Message from The Kitasato Institute

We would like to offer our deepest condolences to all who have suffered in any way from the 2011 Great East Japan Earthquake. Furthermore, we wish to express our profound gratitude for all the words of encouragement and support that have been received from various regions around the globe, from the day of the disaster until today.

On the heels of this disaster, we, the Kitasato Institute, have dedicated ourselves to delivering medical support for the regions affected by the disaster, as a medical institution operating 4 hospitals, and as an educational institute cultivating doctors, nurses, and pharmacologists. We have also provided volunteer members to the Disaster Medical Assistance Team (DMAT), organized volunteer medical teams Ofunato city in Iwate prefecture, and collaborated closly with the "mental health team" of Sagamihara city in Kanagawa prefecture - but many other students and staff have proactively engaged in a wide range of relief activities, both individually and collectively.

Looking back, we believe we have been able to provide support in a true Kitasato-like fashion despite all the difficulties and challenges.

Over time, our primary challenges have become evident. One is the need to determine the best ways of providing long-term and continuous support - of which, mental health support is of particular concern. Restorations and recoveries of medical facilities and systems progress over time, but heartbreak, grief and mental anguish cannot be healed quickly. In full cooperation with the municipalities in the affected areas, exploring needs and providing support in the field of mental health - and sustaining it - will be an increasingly crucial issue.

One of the key things we have learned from this disaster is the importance of serious and careful disaster preparation on a routine basis. Our campuses have prepared numerous disaster evacuation measures, in line with the local community's designated evacuation procedures and protocols, such as preparing food stock and setting up satellite telephones for emergency use. Ultimately, however, it is up to individuals to take advantage of and make best use of the resources that we, and others, are able to make available. Drawing a lesson from this disaster, we must devise further plans, such as implementing large-scale practical evacuation drills, and enhancing education in disaster medicine.

While our extended Kitasato family have taken action to provide support to disaster affected areas on one end, some, notably the students and staff of Kitasato University School of Marine Biosciences at Sanriku Campus, tragically fell victim to the disaster, forced into lives as evacuees. Luckily, the campus was saved from complete destruction but major damage occurred in several areas resulting in major inconveniences and necessitating extensive, time-consuming and costly repairs. Making matters worse, local infrastructure, which provides the foundation and resources for the community's living standards and wellbeing, suffered severe damage from the tsunami and its aftermath, drastically delaying urgent repairs.

As a university operating under the mission of providing safe educational opportunities to students, we have decided to relocate the Kitasato University School of Marine Biosciences to Sagamihara campus in Kanagawa prefecture – at least temporarily. We will closely monitor rebuilding and renovation programmes in the tsunami-hit area and annually deliberate future measures to be taken with regard the overall situation and opportunities. However, the relocation is envisioned to last for at least 5 years. Despite the brief preparation period, appropriate facilities and an environment capable of conducting education, with an unchanged content and quality, are about to be finalised - thanks to the cooperation and kind understanding of the staff of all departments and offices involved. The new campus for Kitasato University School of Marine Biosciences is scheduled to be completed in August.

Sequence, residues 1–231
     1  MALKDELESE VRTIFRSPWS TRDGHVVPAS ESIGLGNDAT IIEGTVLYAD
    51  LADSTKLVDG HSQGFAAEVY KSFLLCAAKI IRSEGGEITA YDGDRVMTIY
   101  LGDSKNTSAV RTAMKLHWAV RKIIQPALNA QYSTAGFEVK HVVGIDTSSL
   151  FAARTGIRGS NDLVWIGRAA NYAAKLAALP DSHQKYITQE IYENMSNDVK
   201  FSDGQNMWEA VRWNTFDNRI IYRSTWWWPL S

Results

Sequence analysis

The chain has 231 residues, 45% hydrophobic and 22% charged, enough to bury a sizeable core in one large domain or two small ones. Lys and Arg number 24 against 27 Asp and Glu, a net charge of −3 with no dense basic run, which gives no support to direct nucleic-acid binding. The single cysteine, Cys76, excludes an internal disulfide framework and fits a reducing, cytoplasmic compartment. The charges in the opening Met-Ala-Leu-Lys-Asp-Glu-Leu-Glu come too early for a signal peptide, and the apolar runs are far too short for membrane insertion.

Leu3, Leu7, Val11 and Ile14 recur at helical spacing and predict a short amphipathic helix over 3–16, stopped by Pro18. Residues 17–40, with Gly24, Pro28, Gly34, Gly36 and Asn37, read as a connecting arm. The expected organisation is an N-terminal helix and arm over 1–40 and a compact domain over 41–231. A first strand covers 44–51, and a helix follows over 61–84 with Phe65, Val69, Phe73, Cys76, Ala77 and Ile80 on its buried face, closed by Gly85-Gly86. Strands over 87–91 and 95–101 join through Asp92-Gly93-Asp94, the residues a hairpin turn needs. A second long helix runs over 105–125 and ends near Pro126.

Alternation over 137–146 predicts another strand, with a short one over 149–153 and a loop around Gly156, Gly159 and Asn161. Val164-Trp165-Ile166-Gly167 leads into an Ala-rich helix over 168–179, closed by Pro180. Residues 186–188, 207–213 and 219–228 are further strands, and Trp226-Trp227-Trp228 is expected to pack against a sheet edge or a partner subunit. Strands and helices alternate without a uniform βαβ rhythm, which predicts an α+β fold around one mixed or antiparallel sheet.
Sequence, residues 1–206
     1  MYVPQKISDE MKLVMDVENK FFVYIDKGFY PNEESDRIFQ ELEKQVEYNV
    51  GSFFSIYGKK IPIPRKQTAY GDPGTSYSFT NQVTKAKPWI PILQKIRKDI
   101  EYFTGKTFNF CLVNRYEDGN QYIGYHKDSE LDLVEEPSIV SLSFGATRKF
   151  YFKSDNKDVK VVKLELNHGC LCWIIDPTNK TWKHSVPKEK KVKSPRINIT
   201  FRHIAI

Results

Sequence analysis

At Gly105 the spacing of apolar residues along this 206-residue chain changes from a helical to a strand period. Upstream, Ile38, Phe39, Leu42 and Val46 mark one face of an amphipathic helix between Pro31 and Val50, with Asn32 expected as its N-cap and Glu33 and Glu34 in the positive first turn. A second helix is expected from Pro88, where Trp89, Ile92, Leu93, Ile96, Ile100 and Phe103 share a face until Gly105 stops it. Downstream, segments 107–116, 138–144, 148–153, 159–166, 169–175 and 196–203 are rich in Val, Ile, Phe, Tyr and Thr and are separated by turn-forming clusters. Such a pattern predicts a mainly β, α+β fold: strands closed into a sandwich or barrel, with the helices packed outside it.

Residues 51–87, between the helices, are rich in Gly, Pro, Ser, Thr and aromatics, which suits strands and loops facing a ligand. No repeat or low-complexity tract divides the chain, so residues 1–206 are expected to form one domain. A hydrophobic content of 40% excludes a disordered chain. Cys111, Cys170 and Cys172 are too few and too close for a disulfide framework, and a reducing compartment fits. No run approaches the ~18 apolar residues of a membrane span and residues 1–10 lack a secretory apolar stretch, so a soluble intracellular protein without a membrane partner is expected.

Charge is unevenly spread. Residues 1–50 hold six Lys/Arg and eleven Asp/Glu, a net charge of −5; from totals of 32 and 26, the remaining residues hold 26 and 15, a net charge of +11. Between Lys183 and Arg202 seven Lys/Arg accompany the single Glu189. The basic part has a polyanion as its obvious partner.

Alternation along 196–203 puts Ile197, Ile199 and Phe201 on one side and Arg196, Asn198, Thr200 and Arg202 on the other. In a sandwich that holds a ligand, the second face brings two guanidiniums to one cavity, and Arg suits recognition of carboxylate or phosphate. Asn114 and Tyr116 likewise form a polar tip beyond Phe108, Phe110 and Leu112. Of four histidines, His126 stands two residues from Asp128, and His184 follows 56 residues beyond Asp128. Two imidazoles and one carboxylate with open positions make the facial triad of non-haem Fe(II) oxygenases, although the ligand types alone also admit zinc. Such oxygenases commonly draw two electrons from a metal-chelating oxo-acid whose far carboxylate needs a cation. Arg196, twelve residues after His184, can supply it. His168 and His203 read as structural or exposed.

Until recently, we had been deeply concerned that the Japanese people, especially those of younger generations, were relatively lacking independence and becoming individualistic. However, upon surveying the situation immediately following the disaster, we have realized that young people have displayed affectionate care for those less able to cope and they have established treasured bonds with others, truly reflecting the heart of "houon (gratitude)", so strongly advocated by the founder of the Kitasato family, Shibasaburo Kitasato. Within our premises, numerous motivated student volunteers stood up and did their part in helping in whatever way they could. The courage, commitment, caring and heart of the nation’s youth will surely create an enormous energy that will help expedite a fitting and sustainable recovery and renaissance in all affected areas.

The Kitasato Institute is built upon 4 spiritual pillars:Development, Gratitude (response to of kindness), Intelligence & Action, and Tenacity - all key elements of the Kitasato philosophy, continually passed down, generation to generation, from the original teachings of Shibasaburo Kitasato. These fundamental elements will be imperative in overcoming the aftermath of the 2011 disaster.

The Kitasato Institute - and all members of the extended Kitasato family - will continue to stand fully committed in our desire and efforts to provid disaster relief and support wherever possible, and especially with respect to driving forward progress in all aspects of disaster medicine.


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